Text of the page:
Dr Padmanabhan Ramnarayan, senior author and Consultant in Paediatric Intensive Care Retrieval at Great Ormond Street Hospital said: “This is a new condition and, in just a matter of weeks, clinicians across the world have already made tremendous progress in understanding it. However, many aspects of the condition remain unclear, such as why it only affects some children or what the long-term implications of having this condition are. One of our findings is that complications such as coronary aneurysms do occur in a small minority of patients. This clearly highlights the importance of following up on these patients.”

The Royal College of Paediatrics and Child Health has published advice for parents who are concerned about PIMS-TS.

For further information or to speak to a spokesperson from Nottingham University Hospitals, please contact Matthew Yorke, Communications Officer, Nottingham University Hospitals on 0115 924 9924 ext. 81214 or 07812 268 116

For more information or to contact a spokesperson from the University of Birmingham, please contact Sophie Belcher, Communications Manager (Medical and Dental Sciences) on +44 07815607157. Alternatively, contact the Press Office out of hours on +44 (0)7789 921165.

For further information or to speak to a Great Ormond Street Hospital spokesperson, please contact Astrid Baez in the GOSH Press Office or on 0203 841 3039.

For further information or to speak to a spokesperson from the Royal College of Paediatrics and Child Health, please contact Carmel Turner, Senior Media Lead on 07772 686022

Note to editors:

About the University of Birmingham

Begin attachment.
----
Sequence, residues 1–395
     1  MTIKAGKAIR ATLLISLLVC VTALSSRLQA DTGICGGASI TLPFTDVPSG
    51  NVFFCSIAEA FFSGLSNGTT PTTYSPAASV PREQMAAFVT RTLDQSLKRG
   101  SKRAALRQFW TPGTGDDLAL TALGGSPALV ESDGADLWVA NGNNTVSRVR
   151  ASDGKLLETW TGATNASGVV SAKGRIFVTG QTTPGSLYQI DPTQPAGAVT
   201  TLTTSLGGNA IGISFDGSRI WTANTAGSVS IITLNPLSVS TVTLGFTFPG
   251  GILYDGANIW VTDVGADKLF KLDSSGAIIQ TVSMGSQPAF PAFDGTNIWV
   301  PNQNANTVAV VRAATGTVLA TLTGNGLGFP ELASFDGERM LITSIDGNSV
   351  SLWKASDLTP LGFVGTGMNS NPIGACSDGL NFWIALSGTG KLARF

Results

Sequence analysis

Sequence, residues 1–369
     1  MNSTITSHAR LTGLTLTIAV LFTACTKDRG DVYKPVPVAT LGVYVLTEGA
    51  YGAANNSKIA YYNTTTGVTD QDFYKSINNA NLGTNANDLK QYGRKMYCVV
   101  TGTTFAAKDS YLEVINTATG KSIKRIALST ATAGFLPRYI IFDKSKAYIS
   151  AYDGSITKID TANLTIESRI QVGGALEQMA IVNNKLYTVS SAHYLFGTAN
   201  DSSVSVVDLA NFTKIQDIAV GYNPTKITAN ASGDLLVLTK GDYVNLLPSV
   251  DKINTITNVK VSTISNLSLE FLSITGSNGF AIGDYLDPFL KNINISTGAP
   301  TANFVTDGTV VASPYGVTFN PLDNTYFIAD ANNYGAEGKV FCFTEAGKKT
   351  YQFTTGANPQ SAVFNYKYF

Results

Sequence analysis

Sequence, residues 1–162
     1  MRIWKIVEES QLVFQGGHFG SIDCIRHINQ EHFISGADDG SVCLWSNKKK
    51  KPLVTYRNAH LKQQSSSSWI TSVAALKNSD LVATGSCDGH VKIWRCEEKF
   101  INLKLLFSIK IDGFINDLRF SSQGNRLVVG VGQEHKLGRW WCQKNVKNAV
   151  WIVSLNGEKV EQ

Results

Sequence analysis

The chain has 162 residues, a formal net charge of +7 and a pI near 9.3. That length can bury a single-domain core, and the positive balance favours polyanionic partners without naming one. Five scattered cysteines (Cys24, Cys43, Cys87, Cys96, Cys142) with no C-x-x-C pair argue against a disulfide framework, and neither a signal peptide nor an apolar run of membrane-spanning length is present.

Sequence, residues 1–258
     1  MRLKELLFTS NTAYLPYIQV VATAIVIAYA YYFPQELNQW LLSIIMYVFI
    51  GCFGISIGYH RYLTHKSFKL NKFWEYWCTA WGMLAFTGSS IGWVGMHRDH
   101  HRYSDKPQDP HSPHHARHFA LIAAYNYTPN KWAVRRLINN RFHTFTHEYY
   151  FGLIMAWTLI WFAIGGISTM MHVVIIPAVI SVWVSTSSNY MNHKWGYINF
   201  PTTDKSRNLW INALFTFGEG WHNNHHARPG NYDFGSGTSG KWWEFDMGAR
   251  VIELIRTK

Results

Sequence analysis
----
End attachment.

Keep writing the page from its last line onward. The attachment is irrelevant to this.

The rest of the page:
The University of Birmingham is ranked amongst the world’s top 100 institutions, and its work brings people from across the world to Birmingham, including researchers and teachers and more than 6,500 international students from nearly 150 countries.

About Great Ormond Street Hospital for Children NHS Foundation Trust 

Founded in 1852, Great Ormond Street Hospital is one of the world’s leading children’s hospitals with the broadest range of dedicated, children’s healthcare specialists under one roof in the UK. With more than 252,000 outpatient and 43,000 inpatient visits every year, the hospital’s pioneering research and treatment gives hope to children from across the UK with the rarest, most complex and often life-threatening conditions. As an international centre of excellence in child healthcare, our patients and families are central to everything we do – from the moment they come through the door and for as long as they need us. 

About the UCL Great Ormond Street Institute of Child Health (ICH) 

The UCL Great Ormond Street Institute of Child Health (ICH) is part of the Faculty of Population Health Sciences within the School of Life and Medical Sciences at University College London. Together with its clinical partner Great Ormond Street Hospital for Children NHS Foundation Trust (GOSH), it forms the UK's only paediatric National Institute for Health Research Biomedical Research Centre and has the largest concentration of children's health research in Europe.

About Nottingham University Hospitals

Nottingham University Hospitals NHS Trust is one of the biggest and busiest acute hospitals in England, employing more than 16,500 staff. We provide care to over 2.5million residents of Nottingham and its surrounding communities and specialist services to a further 3-4million people from neighbouring counties.